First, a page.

Diana Rigg’s Tracy is a character with a surprising amount of depth and Rigg bestows her with “to the manor born” dignity, even if the suggestion that all a troubled woman like her needs is a man to dominate her would make modern audiences cringe. Savalas is a far more active Blofeld, going out on pursuits with his men rather than sitting back and pushing buttons, even though his American style doesn’t quite mesh with how Blofeld has been portrayed up to this point (he is also saddled, unfortunately, with the movie’s worst line: “We’ll head him off at the precipice!”) The script chooses, for the sake of plot, to ignore Bond and Blofeld’s meeting in the previous movie, enabling 007 to infiltrate the villain’s hideout in the guise of a genealogist wearing not much more to conceal himself than a pair of glasses (also known as the “Clark Kent Theory”).
How is Lazenby in the title role? Well, being a non-actor, his is a largely constructed performance. It is notable how many of his lines are delivered while he is off-camera or has his back turned, suggesting a lot of post-production manipulation. In a questionable artistic choice, he is completely dubbed in the scenes in which he is impersonating the genealogist Sir Hilary Bray. But he handles fight scenes and stunts capably and his acting is solid enough for what is required. Admittedly, anyone following Sean Connery would have impossibly large shoes to fill and Lazenby smartly chooses to go another way. Some critics have suggested that Majesty’s would have been the perfect 007 movie had Connery remained in the role, but I’ve always maintained that the vulnerability shown by Bond here would simply not be believable coming from Sir Sean. His Bond was too aloof, too cool, too much of an unstoppable force of masculinity to pull off the tender scene set in a barn when Bond finally drops his guard and asks Tracy to marry him. I don’t think audiences would have bought that coming from Connery’s mouth – they certainly would not have bought him breaking down over Tracy’s bullet-ridden corpse. With Lazenby it was a much easier sell. In the end, he acquits himself very well and probably would have settled comfortably into the role had he fulfilled his original contract for six more films.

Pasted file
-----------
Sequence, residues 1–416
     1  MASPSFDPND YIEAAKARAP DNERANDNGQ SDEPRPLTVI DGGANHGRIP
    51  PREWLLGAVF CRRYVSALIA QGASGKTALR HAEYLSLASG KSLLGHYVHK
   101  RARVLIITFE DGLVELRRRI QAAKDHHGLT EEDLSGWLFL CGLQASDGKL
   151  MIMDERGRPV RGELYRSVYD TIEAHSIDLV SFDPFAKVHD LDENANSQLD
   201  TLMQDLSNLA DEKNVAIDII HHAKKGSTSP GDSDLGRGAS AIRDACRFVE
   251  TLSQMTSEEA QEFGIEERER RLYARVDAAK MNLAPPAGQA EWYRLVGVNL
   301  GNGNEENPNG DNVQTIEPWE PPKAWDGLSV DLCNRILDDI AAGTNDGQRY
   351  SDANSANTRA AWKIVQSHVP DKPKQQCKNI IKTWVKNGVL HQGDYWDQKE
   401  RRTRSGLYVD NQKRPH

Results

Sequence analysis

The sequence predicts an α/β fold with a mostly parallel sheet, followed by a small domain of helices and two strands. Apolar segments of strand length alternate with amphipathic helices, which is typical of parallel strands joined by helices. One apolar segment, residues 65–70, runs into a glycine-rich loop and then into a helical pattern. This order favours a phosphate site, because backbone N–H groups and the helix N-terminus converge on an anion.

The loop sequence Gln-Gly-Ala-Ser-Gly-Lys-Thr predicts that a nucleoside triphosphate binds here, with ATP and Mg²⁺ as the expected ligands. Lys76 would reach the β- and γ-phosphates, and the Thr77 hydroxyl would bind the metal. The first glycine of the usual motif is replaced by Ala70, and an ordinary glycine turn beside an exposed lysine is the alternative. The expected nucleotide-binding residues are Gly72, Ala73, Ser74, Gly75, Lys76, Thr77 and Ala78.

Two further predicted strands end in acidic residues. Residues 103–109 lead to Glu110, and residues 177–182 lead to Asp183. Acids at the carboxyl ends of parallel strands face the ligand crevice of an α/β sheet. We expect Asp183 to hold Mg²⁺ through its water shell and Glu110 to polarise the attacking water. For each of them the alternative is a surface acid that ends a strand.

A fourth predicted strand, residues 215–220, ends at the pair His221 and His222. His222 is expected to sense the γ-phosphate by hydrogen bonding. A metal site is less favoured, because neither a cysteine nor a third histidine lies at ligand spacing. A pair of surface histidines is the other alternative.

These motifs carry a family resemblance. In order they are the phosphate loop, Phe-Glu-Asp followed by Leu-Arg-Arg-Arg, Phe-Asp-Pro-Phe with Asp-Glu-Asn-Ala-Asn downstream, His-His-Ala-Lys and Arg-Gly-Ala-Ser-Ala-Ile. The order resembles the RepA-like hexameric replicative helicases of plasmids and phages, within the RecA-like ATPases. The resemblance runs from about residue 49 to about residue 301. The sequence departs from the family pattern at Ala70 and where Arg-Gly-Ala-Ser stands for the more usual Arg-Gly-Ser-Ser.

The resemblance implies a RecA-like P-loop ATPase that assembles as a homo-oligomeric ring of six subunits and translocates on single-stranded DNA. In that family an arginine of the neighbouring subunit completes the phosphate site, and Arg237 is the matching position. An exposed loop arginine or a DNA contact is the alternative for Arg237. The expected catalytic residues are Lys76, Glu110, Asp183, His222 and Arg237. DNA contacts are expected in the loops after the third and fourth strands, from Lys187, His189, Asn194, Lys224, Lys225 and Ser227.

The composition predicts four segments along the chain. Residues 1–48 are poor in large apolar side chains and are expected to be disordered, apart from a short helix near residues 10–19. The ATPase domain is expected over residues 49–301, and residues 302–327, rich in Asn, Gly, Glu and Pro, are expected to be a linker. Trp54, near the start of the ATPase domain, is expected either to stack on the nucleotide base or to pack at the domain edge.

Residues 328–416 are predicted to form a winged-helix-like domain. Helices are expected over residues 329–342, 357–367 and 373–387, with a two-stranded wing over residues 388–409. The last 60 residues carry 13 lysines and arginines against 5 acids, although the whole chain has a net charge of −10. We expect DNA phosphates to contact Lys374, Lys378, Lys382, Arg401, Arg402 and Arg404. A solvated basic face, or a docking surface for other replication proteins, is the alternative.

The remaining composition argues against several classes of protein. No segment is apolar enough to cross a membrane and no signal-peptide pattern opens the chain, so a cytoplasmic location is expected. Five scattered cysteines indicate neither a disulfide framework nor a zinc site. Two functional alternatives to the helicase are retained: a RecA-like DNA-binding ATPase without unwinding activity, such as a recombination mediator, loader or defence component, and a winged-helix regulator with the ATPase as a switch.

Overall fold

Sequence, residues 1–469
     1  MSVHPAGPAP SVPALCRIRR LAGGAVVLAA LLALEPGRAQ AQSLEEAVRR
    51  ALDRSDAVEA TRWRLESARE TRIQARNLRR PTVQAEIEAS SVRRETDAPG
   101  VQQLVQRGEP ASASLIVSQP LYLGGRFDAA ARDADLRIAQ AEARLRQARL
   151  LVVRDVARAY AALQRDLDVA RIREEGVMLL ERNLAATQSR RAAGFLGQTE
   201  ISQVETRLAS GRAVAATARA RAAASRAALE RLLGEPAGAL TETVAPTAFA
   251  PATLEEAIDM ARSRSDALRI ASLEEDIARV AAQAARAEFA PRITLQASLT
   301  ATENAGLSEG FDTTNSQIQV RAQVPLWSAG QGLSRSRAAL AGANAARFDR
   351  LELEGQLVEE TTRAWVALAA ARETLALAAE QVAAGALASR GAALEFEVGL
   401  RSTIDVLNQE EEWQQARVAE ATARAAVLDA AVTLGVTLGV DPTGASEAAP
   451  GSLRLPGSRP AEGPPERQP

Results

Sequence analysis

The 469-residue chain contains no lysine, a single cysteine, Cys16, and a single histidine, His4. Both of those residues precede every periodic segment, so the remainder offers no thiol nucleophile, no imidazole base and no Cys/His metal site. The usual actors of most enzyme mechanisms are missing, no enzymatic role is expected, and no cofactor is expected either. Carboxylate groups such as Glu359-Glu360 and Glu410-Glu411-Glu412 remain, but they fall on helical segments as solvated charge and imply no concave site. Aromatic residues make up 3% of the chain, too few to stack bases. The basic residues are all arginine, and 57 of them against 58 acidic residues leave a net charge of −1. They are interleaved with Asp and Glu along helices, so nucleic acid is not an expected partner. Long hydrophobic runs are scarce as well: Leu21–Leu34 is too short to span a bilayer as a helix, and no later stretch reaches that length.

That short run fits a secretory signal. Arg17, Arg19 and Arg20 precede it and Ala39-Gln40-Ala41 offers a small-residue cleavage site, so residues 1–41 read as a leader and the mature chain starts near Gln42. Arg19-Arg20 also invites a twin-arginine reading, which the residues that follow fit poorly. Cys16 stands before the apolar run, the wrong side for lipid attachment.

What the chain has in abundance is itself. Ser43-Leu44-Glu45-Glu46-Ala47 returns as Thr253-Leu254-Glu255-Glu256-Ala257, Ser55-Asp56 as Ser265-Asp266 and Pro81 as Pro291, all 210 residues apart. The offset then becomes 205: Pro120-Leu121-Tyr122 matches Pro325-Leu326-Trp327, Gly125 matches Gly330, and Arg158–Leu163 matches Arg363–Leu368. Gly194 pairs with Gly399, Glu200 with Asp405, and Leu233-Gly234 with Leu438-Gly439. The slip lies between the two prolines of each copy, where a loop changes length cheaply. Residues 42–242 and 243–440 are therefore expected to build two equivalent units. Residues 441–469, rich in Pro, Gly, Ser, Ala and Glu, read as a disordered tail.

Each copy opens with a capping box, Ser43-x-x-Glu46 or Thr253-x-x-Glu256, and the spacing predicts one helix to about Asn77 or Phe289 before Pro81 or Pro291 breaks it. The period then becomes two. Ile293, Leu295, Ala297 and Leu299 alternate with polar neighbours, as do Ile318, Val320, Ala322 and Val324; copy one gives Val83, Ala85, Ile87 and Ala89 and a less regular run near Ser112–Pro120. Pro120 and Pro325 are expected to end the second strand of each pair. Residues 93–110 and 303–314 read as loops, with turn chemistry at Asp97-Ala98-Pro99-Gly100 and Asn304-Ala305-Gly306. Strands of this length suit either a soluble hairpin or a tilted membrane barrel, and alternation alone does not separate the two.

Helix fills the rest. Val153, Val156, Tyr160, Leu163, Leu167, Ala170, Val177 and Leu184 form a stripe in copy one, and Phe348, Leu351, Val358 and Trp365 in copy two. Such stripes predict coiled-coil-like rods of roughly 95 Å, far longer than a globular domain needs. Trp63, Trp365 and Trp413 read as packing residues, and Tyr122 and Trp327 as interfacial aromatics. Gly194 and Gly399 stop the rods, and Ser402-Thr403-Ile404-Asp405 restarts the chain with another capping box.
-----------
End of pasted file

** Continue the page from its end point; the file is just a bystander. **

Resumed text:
As 1969 drew to a close, so too did the attempt to invest Bond movies with emotional complexity and strong character development, the focus turning instead to camp and ever wilder stunts and exotic locations. Connery would return once more to the official James Bond fold, for what was then a record-setting salary, and help to chart Bond’s controversial course through the 70’s and into the 80’s. Yet some purists would look back on George Lazenby’s solo effort as the one time the producers really got it right, and continue to long for a return to the tone it established. It would be a while before they got their wish.